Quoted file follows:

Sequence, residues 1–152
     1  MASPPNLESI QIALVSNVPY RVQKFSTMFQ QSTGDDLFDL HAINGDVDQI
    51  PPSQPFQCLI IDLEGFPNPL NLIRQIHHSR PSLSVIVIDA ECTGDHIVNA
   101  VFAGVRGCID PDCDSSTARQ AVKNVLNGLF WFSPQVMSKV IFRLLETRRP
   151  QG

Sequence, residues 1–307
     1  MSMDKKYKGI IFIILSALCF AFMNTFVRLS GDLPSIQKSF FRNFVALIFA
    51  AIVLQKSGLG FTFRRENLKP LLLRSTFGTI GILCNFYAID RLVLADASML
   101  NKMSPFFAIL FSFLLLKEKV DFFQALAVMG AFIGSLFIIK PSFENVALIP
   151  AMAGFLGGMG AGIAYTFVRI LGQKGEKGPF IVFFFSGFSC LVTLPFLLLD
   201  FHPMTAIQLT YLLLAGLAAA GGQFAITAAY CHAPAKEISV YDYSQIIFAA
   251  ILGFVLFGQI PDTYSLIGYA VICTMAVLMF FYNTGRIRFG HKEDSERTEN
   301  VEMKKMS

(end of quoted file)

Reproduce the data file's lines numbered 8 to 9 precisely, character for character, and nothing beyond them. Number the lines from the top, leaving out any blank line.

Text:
    51  AIVLQKSGLG FTFRRENLKP LLLRSTFGTI GILCNFYAID RLVLADASML
   101  NKMSPFFAIL FSFLLLKEKV DFFQALAVMG AFIGSLFIIK PSFENVALIP